shabbos candles

Weekly Shabbos Halacha Series
Halachos Series on Hilchos Shabbos

shabbos candles

Published by
Pirchei Shoshanim

A Project of
The Shema Yisrael Torah Network

Written by

Rabbi Dovid
Ostroff, shlita

 

These Halachos were shown by Rabbi Ostroff to
HaGaon HaRav Moshe Sternbuch, shlita

 

Archives


Questions for the Week of Vayakhel/Pekudei

 

If a gentile heated water on Shabbos for an ill person, may someone else wash with that water?

            The Shulchan Aruch [1] teaches us that if a gentile cooked for a sick person on Shabbos, a healthy person may not partake of that food on Shabbos. [2] The reason is because Chazal were afraid that the gentile would purposely add food to the pot for the healthy person. [3]

The same reasoning is applied to our case. Were it permitted for a healthy person to bathe in hot water heated for a sick person there is fear that the gentile would heat water specifically for the healthy person. Accordingly a healthy person may not wash with that water.

            Is one permitted to take a cold shower on Shabbos?

            The abovementioned problems pertaining to hot water do not apply to bathing in cold water. However there are other problems. The Shulchan Aruch [4] teaches us that when one washes in a river on Shabbos, when coming out of the river one must take care to dry himself before walking four amos, because he will be carrying the water in a carmelis. [5]

The Mishna Berura, quoting the poskim, says [6] that the custom is not to bathe in a river on Shabbos at all because of the various pitfalls involved with such bathing.

Just to mention two: carrying the water more than four amos on the river banks, and drying hair, which is a problem of squeezing. [7]

Many poskim are of the opinion that there is no difference between taking a cold shower and bathing in the river. Accordingly one must refrain from taking a cold shower or bath on Shabbos. [8]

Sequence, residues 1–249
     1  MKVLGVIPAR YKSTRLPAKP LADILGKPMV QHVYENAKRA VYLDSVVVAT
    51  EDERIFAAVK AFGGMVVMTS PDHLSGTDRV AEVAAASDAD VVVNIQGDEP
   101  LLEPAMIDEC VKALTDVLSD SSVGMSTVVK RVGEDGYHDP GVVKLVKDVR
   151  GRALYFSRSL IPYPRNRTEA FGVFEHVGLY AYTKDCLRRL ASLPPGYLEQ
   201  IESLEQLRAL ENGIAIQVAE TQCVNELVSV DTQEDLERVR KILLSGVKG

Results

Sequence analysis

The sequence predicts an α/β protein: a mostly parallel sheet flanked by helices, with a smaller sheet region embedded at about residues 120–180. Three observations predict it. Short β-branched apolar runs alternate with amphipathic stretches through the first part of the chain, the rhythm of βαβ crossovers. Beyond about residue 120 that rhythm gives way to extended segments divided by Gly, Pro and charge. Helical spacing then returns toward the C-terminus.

HaRav Moshe Feinstein ztzl writes [9] that although one ideally could make a distinction between a shower and bathing in the river, nevertheless one should not take a cold shower on Shabbos.

            Does that mean that there is no heter whatsoever to take a cold shower even when necessary?

            Rav Moshe writes that when necessary, such as during a heat wave etc. and one feels that a shower is of paramount importance, one may take a cold shower. [10] One should refer to a rav for guidance.

How is one to dry oneself after a cold shower?

            The main problem is squeezing water from wet hair. This is an issur drabanan [11] and therefore when drying a beard or drying hair on Shabbos, care must be taken not to squeeze water from the hair.

However, Rav Shlomo Zalman Auerbach writes [12] that when squeezed directly into a towel it is permitted, i.e. by placing the towel over ones hair or beard and gently rubbing the hair into the towel, thus ensuring that the water is not squeezed onto the floor.

            May one use a sponge when washing oneself on Shabbos?

            Squeezing a sponge causes it to expel the water or liquid held within. Although squeezing falls under the umbrella of either Libun laundering, or Dash separating, in this case we are only concerned with separating. [13]

Many Rishonim are of the opinion that Dash is transgressed when one squeezes to expel the liquid. We must therefore examine this particular squeezing to see whether Dash applies or not.